It’s that time of the year. Time for the Q3 update in our 2012 stock picking contest. The rules are simple. We agreed to pick four stocks or ETFs and hold them for the entire year with no changes allowed. Regular My Trader’s Journal readers know I’m not really a buy and hold investor, so I added in how I’d play this contest if options were allowed also. The results are not based on options, but on pure growth and dividends from our four picks.
I had a great third quarter and moved from sixth place to third. If bonds would fall further, I’d have a chance to really move higher. That’s a very possible outcome going into the end of the year, but only if the fiscal cliff resolution doesn’t drag out all of the way to its deadline of December 31st.
This is how my four picks have done so far along with how my alternate options trades (which are not part of the contest) are working so far.
- GLD – Closed 2011 at $151.99. Closed 3/30/12 @ $162.12. Closed 6/29/12 at $155.19. Closed 9/28/12 at $171.89.
- Q1 update: My original GLD June $165 put option has been a great trade so far. At the beginning of the year, it was estimated I could sell the contract for $18.00. At Friday’s close, it was trading at $6.40 which means I’m up about 8.6% (assuming I held back cash to support these option trades in case of assignment) so far while GLD is up 6.7%.
- Q2 update: My June $165 put would’ve been assigned last month and I’d own 100 shares now for a cost per share of $147 (a 5.57% gain so far). If I left a lot of upside potential for the ETF to move higher, I could sell a December 31st GLD $165 covered call for $5.30 which would reduce my cost per share down to $$141.70. My gains will be capped at break even on the ETF, but I’ll pocket all the premiums even if the option isn’t assigned.
- Q3 Update: Apparently, I cut myself off too low with my Q2 change, but I’m letting it ride through December.
- TBT – Closed 2011 at $18.06. Closed 3/30/12 @ $20.45. Closed 6/29/12 at $15.84. Closed 9/28/12 at $15.59.
- Q1 update: My original TBT June $18 put option has been good also. I started with a pretend sell at $1.94. On Friday, it closed at $0.29. This gives me a return so far of 10.3% versus the TBT gain of 13.2%. I should’ve sold the put in the money and I’d be looking great now. Either way, 10.3% isn’t a bad return for a quarter.
- Q2 update: My TBT June $18 would’ve been assigned and I’d own 100 shares at $16.06 (a 1.37% loss so far). If I sold a December 21st TBT covered call at the $18 strike I’d receive $0.52 per share and my cost would be reduced down to $15.54. This would push me back to a paper profit and the potential to end with a 15% gain if TBT can turn around.
- Q3 Update: TBT is such a flawed ETF, but it hasn’t had much of a chance to go my way yet with 20-year treasuries rising as yields fall. I’m close to break even now, but have room for some good gains still. I’m not making any adjustments right now.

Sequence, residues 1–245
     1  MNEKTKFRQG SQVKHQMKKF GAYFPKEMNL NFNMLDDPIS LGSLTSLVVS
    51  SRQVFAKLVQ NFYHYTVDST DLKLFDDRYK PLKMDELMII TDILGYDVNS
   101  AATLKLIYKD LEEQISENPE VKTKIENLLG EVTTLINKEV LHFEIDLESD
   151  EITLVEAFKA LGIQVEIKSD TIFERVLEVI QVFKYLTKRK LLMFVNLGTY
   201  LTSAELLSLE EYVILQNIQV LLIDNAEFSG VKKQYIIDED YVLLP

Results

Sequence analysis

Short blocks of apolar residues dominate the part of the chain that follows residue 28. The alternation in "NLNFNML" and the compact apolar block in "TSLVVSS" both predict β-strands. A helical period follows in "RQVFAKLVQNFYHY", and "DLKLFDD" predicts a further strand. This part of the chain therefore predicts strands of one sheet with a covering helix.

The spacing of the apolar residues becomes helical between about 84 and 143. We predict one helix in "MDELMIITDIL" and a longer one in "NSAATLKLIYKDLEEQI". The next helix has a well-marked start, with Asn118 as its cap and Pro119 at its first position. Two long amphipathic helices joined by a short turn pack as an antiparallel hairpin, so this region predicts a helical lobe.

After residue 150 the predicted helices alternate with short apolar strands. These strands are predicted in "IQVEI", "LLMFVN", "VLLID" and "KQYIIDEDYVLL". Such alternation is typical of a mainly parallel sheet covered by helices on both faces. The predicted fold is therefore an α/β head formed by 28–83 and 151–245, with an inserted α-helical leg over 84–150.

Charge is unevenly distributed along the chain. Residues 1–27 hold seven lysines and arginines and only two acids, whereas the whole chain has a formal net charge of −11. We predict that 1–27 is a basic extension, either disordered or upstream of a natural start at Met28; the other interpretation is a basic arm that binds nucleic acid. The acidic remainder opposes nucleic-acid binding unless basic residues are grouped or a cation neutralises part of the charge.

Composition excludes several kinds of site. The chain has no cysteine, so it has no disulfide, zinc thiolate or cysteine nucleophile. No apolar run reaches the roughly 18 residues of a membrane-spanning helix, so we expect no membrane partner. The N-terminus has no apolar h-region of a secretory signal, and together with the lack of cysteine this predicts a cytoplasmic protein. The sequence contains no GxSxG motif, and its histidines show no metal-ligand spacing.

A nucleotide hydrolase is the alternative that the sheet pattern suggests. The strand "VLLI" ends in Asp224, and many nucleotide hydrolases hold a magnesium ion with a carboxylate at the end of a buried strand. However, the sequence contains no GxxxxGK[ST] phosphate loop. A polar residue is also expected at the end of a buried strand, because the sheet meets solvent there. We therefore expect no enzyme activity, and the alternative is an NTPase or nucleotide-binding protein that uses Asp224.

- UWM – Closed 2011 at $34.86. Closed 3/30/12 @ $43.76. Closed 6/29/12 at 40.42. Closed 9/28/12 at $44.09.
- Q1 update: My original UWM July $36 put option was also too conservative, but is doing well. I estimated that I could’ve sold it for $6.50 to start the year. It traded around $1.75 by the end of March. This position is up 16.1% compared to UWM only which is up 25.5%.
- Q2 update: My UWM put is more than $4.00 out of the money and I could buy it back for $0.25 and then sell an October $37 put for $3.00 (the bid/ask right now is $2.50/$3.50). The combination of the buy and sell (aka rolling out and up) would increase my total premiums received by $2.75 net. This would bring my total premium intake up to $9.75 with $37 at risk now which is a return of 35.14% based on cash needed to back the position.
- Q3 Update: UWM has worked well for me. It’s well over my October $37 strike price, so I could buy the put back for $0.20 (bid/ask is $0.10/0.25) and sell a new put. December contracts aren’t posted yet, so I’d use a January contract instead. To take a chance, I could sell an at-the-money put at the January $44.00 strike for $3.90 (bid/ask is $3.60/4.20). This rolling out and up of the puts would add another $3.70 in premiums for me and bring my total to $13.45 with $30.55 at risk (strike minus total net premiums received). If it works out, I’ll have a gain of 44%, but the contest ends before this last option expires, so my final return will be a little less. It’ll be a lot less if UWM losses ground before the end of the year.
- GOOG – Closed 2011 at $647.07. Closed 3/30/12 @ $641.24. Closed 6/29/12 at $580.07. Closed 9/28/12 at $754.50.
- Q1 update: My GOOG June $675 put option was more aggressive than my UWM put while it should’ve been reversed. I figured I could’ve sold the put for $65.00 to start the year. On Friday, it was trading at $50.20. While GOOG is down almost 1%, my put has decreased in value, giving me a pretend profit of 2.5% based on my cash reserves. This is my worst pick, but even the stock is down I still have a profit on the option.
- Q2 update: My GOOG pick isn’t so pretty. I would’ve been assigned my put in June at $675 and after deducting the premiums my cost per share would be $610.00. That would leave me with a paper loss of $29.93 (4.91%). I could move myself back to break even on paper by selling a December 21st GOOG covered call at the $610 strike for $29.80 (bid/ask right now is $29.50/$30.10). That would guarantee a loss on the stock itself if assigned, but I could make a return of 5.14% on a bad stock pick if it rallies a little when I include premiums.
- Q3 Update: GOOG finally came through as a good pick for this contest, but I would’ve played the options wrong and cut out a lot of my gains. I’m letting it run as it is, but think this one is pretty much done as it is.
This is how everyone is doing in order of best to worst with the percentage gains so far this year. Some of these links are to the older posts and I’ll update them as I receive new links from everyone.